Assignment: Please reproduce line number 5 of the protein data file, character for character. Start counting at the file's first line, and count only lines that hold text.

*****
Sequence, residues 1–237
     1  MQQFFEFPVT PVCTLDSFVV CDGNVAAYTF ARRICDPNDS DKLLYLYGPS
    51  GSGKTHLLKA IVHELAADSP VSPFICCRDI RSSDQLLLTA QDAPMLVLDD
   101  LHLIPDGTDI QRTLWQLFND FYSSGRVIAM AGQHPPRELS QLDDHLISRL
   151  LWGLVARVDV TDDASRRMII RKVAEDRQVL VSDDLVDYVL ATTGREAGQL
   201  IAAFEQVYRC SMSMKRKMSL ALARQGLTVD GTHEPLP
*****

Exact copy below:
   151  LWGLVARVDV TDDASRRMII RKVAEDRQVL VSDDLVDYVL ATTGREAGQL